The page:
U.K. businesses taking steps to prepare for energy shortfalls


A new survey indicates that the majority of businesses in the United Kingdom are worried about the security of their energy supply, and many are already taking steps to address this.

This follows recent warnings by Ofgem that the U.K. generating capacity is nearly at full stretch. With the planned closure of some coal and nuclear power stations, Ofgem has warned that spare capacity could fall from today’s 14% level to just 4% in three years, with a risk of ‘brownouts’ and ‘blackouts’ starting in the winter of 2015-16.

According to the report from the Major Energy Users Council (MEUC) and Power Efficiency, 60% of the businesses have initiated ‘behavioral change programs’, 50% are investing in renewable energy sources, and 43% are installing onsite generation.

Further, nearly two thirds (62%) say they have a clearly defined energy and carbon reduction strategy, and 60% have plans in place to make a substantial investment in energy efficiency.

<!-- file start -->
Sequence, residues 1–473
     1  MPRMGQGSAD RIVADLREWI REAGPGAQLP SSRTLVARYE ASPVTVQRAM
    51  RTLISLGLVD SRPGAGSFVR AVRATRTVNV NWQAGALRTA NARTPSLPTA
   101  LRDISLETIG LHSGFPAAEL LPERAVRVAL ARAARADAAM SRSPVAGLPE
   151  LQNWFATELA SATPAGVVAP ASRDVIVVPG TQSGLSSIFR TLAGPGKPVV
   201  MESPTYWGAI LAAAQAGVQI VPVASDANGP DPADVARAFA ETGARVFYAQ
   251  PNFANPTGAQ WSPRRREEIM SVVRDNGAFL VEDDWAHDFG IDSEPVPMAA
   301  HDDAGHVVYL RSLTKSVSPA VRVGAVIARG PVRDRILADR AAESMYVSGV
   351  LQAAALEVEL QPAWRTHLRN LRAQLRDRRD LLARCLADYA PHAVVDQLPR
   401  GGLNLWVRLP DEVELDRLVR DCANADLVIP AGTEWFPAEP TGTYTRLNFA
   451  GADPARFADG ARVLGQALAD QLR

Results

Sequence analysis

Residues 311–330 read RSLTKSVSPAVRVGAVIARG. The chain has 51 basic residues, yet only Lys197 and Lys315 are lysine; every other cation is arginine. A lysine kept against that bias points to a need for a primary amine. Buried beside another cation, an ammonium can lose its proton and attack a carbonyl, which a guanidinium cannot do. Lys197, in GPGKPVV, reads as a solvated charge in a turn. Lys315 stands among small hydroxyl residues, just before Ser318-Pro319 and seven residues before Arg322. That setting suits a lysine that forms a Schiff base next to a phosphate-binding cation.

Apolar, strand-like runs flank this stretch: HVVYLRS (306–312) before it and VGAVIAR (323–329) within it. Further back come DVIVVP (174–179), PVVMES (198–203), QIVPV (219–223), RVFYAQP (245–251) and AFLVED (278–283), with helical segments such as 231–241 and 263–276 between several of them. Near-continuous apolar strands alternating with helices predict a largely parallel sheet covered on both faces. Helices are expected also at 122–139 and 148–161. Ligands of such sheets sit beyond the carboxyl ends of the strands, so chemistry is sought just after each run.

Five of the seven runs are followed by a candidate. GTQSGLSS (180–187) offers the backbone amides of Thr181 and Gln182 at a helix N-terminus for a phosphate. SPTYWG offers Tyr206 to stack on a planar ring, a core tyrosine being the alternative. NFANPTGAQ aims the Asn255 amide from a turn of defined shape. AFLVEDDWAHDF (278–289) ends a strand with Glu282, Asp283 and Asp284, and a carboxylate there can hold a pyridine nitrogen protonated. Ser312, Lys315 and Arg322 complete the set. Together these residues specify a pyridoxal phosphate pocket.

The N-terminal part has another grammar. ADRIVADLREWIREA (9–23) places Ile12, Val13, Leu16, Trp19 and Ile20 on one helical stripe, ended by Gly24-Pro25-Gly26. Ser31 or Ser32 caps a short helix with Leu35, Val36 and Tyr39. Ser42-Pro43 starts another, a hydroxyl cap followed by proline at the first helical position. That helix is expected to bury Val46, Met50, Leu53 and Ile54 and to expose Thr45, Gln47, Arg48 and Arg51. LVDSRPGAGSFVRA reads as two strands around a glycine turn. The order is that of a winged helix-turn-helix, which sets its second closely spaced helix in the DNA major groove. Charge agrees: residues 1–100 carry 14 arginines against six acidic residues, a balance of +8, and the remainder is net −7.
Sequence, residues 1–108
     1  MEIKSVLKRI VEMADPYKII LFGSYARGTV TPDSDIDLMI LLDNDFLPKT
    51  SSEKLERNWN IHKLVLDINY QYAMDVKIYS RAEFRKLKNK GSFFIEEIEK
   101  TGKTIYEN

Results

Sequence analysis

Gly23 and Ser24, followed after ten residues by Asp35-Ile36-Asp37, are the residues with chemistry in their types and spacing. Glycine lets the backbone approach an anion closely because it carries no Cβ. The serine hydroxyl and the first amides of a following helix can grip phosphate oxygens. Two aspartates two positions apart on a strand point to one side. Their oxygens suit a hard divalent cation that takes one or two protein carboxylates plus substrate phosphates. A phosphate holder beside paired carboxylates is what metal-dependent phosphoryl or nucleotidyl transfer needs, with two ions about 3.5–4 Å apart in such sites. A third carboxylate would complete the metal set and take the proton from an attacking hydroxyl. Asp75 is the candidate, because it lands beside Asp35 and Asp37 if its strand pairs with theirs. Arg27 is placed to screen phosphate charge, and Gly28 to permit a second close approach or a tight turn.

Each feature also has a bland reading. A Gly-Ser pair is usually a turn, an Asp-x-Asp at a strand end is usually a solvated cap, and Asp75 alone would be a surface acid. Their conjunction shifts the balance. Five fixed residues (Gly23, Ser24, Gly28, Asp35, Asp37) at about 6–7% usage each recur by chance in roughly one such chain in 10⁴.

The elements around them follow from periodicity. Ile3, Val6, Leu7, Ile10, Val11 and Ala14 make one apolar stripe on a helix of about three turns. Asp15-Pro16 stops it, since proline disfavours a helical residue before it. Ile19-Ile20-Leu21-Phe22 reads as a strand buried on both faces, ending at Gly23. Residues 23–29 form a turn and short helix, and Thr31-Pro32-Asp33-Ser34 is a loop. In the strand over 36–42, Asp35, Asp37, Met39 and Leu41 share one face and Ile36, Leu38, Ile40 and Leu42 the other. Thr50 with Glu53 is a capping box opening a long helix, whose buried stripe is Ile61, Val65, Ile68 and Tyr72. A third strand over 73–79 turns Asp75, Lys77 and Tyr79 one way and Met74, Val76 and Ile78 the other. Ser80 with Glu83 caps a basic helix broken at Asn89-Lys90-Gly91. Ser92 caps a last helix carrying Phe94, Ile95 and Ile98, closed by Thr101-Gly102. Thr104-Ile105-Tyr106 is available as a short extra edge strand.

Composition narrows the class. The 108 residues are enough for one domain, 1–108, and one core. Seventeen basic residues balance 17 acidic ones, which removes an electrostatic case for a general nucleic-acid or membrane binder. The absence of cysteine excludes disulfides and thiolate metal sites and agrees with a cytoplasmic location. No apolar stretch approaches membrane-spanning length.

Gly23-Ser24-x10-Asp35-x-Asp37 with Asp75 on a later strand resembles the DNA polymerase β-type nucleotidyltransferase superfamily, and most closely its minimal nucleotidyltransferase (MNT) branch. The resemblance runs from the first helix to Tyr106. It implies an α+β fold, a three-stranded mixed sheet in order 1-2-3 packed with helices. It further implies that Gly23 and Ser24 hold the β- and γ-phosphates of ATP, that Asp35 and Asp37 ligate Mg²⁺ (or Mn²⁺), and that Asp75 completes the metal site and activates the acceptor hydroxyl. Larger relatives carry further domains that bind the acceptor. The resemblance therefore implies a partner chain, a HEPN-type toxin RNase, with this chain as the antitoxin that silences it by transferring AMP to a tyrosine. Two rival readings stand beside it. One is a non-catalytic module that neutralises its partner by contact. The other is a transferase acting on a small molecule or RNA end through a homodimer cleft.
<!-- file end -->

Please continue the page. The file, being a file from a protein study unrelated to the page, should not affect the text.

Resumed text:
Over 90% of the U.K. businesses also think that energy inflation poses a major threat to the country’s competitiveness, and energy is now a boardroom issue for almost three-quarters of them.

“Doubts over whether the lights will stay on combined with the belief that energy inflation is now a threat to future business make sorry reading,” says the MEUC in its overview of the survey. “Rather than counting on gas and electricity to be both readily available and at reasonable cost to aid our recovery, it seems that uncertainties over our energy future may well be having a detrimental effect.”

However, in its overview Power Efficiency warns against an immediate knee-jerk reaction by companies, stating that getting the strategy right, and taking a holistic view of energy, is vital to the success of any energy savings program.

“We have seen businesses install onsite generation without seeing it as part of the overall objectives of an energy savings program (the savings should come first!) and as a result over investment has resulted in installations of onsite CHP and biomass which, in the end, have been built with unnecessarily high capacity.”

Other findings from the survey are:

  • 75% of businesses employ a specialist energy manager or a staff member with specific responsibility for energy efficiency
  • The Carbon Price Floor, introduced this year at £16 per tonne of carbon emissions, is a cost which 35% of businesses say will need to be passed on to their customers by increasing the prices of their products and services.

By Jonathan Spencer Jones